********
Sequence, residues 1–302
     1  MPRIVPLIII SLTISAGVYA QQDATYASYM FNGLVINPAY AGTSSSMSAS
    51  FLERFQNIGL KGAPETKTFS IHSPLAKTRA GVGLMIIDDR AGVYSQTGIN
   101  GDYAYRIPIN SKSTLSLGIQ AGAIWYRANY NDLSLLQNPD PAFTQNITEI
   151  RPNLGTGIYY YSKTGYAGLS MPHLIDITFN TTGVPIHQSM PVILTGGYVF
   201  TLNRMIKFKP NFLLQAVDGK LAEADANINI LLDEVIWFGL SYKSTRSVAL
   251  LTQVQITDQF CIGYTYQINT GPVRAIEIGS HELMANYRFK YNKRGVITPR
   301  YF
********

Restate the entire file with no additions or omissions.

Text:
Sequence, residues 1–302
     1  MPRIVPLIII SLTISAGVYA QQDATYASYM FNGLVINPAY AGTSSSMSAS
    51  FLERFQNIGL KGAPETKTFS IHSPLAKTRA GVGLMIIDDR AGVYSQTGIN
   101  GDYAYRIPIN SKSTLSLGIQ AGAIWYRANY NDLSLLQNPD PAFTQNITEI
   151  RPNLGTGIYY YSKTGYAGLS MPHLIDITFN TTGVPIHQSM PVILTGGYVF
   201  TLNRMIKFKP NFLLQAVDGK LAEADANINI LLDEVIWFGL SYKSTRSVAL
   251  LTQVQITDQF CIGYTYQINT GPVRAIEIGS HELMANYRFK YNKRGVITPR
   301  YF